Zalman's HD135 HTPC case: Gasping for air

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DESIGN AND LAYOUT

We mentioned that the HD135 breathes very well. It has vents everywhere, and should have no difficulty letting heat out or fresh air in. What we didn't mention is that, despite all these vents, the airflow design is very unclear. There are a total of nine distinct openings for airflow, but only two of them provide mounting holes for fans — and they're not where you'd expect them to be. Counting generously, the power supply might count as a third fan, but that's a bit of a stretch because the airflow for the power supply is isolated from the rest of the case.

Two low-profile, 80mm fans are included: One intake, and one exhaust. Can you say bottleneck? With the power supply out of the equation, that translates into (roughly) neutral pressure system with a single intake, a single exhaust, and six mostly unused vents.

Most of the intake vents are fairly restricted— at least 50% in all cases — but that restriction isn't really an issue here. After all, with six vents to choose from, they can afford to be a bit restricted individually. What really matters is the restriction over the exhaust vent, which is at least 60% blocked.

Each of the four corners of the case has a roughly 120mm-sized vent on the side panel. Clockwise from the front left, these should provide fresh air for the hard drives, the video card, the power supply, and a second hard drive bay. However, with the exception of the power supply, none of these has any way of mounting a fan next to them, so they will not do much for airflow without some creative ducting and / or modding.


Note the two vents on the side. There are two matching vents on the other side as well.


The side vents look perfect for 120mm fans... but there's no way to mount them.

The main intake vent is located in the top panel, just above where the CPU is located on most motherboards. The intake fan is pre-installed in this position, with a plastic duct that is meant to extend over the top of the heatsink, ensuring that the CPU gets the freshest air possible.

From here, the exhaust air from the CPU heatsink trickles away, presumably escaping through the vent on the back panel (see below), or perhaps being sucked away by the exhaust fan, which is incongruously mounted on the bottom of the case just behind the power supply, away from any major heat-producing components. With the intake fan pumping air directly to the CPU heatsink, it will be the exhaust fan that gives the internal airflow what little direction it can get — drawing the air towards the top of the motherboard and completely ignoring the airflow needs of the lower half of the motherboard.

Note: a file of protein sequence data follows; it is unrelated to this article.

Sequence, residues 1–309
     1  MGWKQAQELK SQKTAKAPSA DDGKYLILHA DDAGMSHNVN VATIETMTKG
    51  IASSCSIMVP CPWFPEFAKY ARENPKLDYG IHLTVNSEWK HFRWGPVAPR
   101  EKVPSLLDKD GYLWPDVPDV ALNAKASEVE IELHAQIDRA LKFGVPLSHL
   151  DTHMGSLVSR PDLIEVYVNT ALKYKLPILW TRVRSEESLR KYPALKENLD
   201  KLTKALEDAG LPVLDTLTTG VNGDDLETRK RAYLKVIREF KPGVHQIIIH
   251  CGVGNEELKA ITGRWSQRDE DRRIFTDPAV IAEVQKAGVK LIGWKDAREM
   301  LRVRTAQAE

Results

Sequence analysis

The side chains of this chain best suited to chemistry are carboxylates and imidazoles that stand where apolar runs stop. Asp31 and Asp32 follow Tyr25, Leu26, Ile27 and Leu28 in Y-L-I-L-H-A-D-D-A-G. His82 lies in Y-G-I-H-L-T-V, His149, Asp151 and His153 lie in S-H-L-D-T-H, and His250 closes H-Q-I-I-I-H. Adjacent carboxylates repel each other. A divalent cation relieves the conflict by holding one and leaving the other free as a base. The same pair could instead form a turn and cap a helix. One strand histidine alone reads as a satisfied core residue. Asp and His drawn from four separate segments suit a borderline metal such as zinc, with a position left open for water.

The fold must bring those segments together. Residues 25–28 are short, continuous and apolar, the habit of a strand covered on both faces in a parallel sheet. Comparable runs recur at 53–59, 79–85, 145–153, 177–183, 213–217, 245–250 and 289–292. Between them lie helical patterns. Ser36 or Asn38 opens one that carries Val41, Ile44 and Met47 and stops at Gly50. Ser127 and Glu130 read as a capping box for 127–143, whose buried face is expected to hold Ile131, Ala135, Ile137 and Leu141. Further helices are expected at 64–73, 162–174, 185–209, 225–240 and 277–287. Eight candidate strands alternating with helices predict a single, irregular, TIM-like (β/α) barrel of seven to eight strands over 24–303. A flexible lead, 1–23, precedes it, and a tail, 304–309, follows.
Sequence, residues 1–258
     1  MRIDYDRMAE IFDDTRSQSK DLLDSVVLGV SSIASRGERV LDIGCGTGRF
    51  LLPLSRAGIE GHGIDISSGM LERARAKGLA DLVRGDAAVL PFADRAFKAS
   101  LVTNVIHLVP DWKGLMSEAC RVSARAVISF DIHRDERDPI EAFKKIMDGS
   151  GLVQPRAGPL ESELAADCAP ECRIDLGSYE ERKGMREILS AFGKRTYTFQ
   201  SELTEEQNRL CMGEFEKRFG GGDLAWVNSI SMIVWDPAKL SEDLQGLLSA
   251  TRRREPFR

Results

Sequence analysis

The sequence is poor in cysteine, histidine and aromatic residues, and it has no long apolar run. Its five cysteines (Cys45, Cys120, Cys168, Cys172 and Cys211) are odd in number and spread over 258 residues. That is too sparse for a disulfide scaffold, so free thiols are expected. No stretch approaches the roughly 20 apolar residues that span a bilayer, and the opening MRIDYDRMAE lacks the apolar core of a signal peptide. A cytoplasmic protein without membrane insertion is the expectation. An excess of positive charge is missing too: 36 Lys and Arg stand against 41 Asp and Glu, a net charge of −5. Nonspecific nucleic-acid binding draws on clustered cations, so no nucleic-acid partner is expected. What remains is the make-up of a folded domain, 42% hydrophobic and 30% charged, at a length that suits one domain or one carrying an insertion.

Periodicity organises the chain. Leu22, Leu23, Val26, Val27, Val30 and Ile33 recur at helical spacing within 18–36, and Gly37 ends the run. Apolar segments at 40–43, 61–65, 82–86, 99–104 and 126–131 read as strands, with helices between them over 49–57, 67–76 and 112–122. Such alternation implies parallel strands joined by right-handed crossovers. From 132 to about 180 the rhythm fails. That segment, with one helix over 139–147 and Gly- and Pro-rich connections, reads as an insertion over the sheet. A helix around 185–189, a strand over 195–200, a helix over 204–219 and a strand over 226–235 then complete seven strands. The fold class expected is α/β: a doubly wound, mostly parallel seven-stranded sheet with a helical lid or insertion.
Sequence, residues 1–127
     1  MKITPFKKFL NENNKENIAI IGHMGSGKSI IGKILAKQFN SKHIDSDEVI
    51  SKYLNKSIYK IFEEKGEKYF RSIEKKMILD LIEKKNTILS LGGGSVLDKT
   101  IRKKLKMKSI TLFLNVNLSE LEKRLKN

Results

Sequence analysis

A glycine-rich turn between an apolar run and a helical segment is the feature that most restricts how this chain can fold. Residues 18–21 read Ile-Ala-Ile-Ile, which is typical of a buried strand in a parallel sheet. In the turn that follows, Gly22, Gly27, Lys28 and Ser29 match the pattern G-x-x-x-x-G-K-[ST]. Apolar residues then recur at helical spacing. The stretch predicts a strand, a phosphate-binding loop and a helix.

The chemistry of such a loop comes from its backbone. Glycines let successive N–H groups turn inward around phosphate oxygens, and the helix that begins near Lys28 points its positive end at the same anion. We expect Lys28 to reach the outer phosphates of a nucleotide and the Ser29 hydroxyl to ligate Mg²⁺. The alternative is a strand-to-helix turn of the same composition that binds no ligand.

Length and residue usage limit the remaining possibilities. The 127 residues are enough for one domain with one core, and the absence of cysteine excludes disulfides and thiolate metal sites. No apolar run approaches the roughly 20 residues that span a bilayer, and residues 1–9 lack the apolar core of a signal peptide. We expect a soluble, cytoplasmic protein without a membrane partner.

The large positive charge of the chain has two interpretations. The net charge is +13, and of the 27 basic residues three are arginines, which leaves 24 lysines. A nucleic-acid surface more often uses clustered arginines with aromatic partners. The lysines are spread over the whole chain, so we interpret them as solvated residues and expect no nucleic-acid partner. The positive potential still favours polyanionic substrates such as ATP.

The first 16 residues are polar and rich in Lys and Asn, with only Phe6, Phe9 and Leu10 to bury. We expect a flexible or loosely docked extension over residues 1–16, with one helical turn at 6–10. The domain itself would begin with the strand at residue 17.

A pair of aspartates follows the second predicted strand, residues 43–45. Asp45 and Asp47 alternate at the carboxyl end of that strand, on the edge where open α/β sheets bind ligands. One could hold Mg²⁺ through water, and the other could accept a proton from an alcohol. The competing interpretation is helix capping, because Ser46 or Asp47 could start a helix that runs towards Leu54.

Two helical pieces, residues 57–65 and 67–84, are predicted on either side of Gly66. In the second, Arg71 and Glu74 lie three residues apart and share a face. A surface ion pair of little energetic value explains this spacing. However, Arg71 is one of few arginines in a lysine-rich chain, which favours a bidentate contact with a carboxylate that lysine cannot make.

But what about the video cards, you might ask. Surely they need cooling as well. Our advice: Don't ask, you'll be less stressed out.


The back panel is well vented.

That accounts for seven of the nine vents. The remaining two are also located on the bottom of the case: One under each internal drive bay. That's a nice thought, since drive cooling is very important. Unfortunately, with so little to drive airflow, they probably won't do very much.

The photo below shows how restrictive the exhaust vent is. It's located on the right side, near the middle. The blades of the fan can just barely been seen through the vent. The photo reveals something else as well: The secret to the lower profile that Zalman was able to achieve. Like the HD160, the height is determined by the power supply, which is mounted sideways in the rear right corner. The difference? The power supply in the HD135 is sunk into the floor so that the bottom of the power supply is on the same level as the feet, not the bottom of the case.

It's worth mentioning that the height that Zalman specifies for the HD135 cannot be correct. A standard ATX12V power supply is 150mm wide, while Zalman quotes the height of the case as 135mm. Add in another ~5mm for the case material above and below the power supply, and the specification ends up being about 20mm shorter than the layout physically allows. Perhaps the 135mm measurement is without the feet...


That's odd... the feet aren't symmetrical. Why?
The "missing" 2.5cm in height have been added to the bottom for the power supply,
displacing the rear right foot in the process.



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